Climatic Change

, Volume 8, Issue 1, pp 69–89

Past Antarctic Peninsula climate (1850–1980) deduced from an ice core isotope record


  • Alberto J. Aristarain
    • Instituto Antártico Argentino and Instituto Argentino de Nivología y Glaciología (CRICYT)
  • Jean Jouzel
    • Laboratoire de Géochimie Isotopique, Centre d'Etudes Nucléaires de Saclay (CEA)
  • Michel Pourchet
    • Laboratoire de Glaciologie et Géophysique de l'Environnement (CNRS)

DOI: 10.1007/BF00158970

Cite this article as:
Aristarain, A.J., Jouzel, J. & Pourchet, M. Climatic Change (1986) 8: 69. doi:10.1007/BF00158970


A detailed climatic study of the Antarctic Peninsula from 1850 to 1980 has been carried out through the analysis of deuterium content in the snow layers of Dalinger Dome (James Ross Island, Antarctic Peninsula). It is based on the high correlation found between mean deuterium contents at this site and temperature data from stations within this region going back as far as April 1903 for the Argentine Orcadas station.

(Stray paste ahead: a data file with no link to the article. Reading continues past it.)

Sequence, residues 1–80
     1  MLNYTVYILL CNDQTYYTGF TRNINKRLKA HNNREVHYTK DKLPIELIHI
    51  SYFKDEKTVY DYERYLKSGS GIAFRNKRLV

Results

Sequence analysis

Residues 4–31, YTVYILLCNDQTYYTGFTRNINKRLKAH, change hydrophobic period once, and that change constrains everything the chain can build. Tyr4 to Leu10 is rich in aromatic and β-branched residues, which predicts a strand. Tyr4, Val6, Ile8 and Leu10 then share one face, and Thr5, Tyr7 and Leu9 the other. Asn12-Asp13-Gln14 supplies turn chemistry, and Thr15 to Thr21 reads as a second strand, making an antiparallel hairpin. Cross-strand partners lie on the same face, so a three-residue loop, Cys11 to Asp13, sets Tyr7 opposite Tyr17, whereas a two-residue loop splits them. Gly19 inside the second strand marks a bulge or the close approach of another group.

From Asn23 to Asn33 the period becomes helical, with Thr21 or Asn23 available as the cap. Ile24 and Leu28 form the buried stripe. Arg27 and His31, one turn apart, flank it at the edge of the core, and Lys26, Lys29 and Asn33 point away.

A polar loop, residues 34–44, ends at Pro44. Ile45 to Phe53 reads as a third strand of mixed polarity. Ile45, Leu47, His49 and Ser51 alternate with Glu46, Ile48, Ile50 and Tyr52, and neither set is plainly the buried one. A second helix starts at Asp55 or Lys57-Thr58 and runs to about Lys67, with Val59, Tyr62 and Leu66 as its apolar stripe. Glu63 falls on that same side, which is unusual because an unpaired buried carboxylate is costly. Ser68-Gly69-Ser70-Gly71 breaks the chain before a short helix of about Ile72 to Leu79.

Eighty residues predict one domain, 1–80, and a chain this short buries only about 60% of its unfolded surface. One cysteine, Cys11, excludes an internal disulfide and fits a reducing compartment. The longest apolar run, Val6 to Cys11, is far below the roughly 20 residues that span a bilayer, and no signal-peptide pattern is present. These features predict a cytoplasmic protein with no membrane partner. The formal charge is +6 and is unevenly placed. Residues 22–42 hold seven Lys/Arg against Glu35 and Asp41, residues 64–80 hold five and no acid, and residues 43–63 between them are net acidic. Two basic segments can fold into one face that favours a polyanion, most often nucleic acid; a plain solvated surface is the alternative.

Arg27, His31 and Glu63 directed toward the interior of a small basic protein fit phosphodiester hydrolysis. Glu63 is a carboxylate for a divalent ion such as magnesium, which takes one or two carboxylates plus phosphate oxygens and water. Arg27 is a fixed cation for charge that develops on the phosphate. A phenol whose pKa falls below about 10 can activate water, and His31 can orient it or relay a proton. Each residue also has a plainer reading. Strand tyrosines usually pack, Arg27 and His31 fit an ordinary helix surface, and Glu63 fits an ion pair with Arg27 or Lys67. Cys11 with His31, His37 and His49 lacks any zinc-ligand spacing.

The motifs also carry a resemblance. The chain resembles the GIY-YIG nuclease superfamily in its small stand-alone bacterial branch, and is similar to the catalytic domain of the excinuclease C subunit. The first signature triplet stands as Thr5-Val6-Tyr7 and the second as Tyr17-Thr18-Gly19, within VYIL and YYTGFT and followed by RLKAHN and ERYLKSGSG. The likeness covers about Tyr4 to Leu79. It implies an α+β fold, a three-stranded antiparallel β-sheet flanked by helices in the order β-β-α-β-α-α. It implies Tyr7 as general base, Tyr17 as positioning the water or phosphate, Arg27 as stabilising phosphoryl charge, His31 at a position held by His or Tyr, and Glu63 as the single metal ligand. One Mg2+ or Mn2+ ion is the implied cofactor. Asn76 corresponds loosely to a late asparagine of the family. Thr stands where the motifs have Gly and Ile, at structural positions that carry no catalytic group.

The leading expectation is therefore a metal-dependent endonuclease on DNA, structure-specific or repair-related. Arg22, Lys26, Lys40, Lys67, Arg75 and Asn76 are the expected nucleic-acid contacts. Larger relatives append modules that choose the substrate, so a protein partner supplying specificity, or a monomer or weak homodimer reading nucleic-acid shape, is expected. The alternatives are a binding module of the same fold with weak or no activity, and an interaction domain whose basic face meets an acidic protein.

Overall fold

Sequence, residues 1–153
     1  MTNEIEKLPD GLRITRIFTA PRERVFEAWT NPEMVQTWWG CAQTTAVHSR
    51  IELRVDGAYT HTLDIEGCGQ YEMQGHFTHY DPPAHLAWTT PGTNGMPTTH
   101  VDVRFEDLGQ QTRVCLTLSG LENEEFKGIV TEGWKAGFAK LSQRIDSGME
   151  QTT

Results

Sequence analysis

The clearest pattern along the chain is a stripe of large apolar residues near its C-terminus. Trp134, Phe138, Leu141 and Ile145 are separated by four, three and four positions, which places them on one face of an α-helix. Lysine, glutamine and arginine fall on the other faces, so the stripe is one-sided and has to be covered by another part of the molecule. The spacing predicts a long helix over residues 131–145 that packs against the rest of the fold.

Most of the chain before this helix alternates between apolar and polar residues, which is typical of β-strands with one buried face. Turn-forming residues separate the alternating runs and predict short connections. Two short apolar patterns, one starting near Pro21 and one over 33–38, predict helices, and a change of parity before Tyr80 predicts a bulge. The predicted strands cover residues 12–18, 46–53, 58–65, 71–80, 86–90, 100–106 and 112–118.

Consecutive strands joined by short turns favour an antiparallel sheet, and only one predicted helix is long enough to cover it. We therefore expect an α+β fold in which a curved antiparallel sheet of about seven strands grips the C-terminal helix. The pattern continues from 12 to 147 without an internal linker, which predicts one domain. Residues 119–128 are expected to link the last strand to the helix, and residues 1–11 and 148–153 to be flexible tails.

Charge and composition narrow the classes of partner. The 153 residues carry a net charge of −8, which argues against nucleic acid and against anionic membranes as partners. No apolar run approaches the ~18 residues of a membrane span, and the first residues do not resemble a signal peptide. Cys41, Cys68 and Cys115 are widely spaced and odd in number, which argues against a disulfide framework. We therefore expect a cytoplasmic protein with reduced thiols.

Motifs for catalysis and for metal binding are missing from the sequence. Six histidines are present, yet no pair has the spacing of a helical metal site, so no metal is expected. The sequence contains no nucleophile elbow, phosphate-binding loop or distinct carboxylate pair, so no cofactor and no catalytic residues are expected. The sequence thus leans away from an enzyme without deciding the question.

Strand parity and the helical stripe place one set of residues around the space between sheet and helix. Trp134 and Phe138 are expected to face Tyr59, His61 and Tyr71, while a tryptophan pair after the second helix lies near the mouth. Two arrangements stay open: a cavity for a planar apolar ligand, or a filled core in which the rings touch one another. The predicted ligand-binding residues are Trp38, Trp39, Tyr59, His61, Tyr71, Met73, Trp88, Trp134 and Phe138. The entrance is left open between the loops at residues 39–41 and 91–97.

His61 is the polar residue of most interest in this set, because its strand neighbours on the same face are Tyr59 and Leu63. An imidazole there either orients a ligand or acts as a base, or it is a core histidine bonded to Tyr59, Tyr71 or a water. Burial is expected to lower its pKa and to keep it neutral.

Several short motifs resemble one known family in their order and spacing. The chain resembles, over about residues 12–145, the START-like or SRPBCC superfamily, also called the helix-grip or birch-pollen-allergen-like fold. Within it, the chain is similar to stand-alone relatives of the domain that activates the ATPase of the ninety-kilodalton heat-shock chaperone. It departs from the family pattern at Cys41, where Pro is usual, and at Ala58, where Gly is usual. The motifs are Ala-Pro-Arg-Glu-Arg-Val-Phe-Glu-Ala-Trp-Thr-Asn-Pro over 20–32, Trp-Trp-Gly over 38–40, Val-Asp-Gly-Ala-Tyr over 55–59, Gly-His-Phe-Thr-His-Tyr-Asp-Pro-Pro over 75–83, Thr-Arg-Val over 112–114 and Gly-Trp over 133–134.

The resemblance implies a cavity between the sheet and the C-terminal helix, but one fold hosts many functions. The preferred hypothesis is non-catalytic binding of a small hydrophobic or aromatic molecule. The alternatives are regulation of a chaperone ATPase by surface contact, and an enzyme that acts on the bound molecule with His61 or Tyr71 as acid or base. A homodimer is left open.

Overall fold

The strong correlation between isotopes and temperatures first reveals a 1956 isotope reference for the region considered. Secondly, the isotope-temperature gradient is estimated at 4.5%. °C−1 for deuterium.

After checking that the major temperature anomalies on the Antarctic Peninsula recorded since 1904 (according to available data) correspond to annual mean stable isotope peaks at Dalinger Dome, the amplitude of four prior anomalies are estimated in °C. Finally, a cooling of about 2 °C since 1850 is suggested for the region.

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© D. Reidel Publishing Company 1986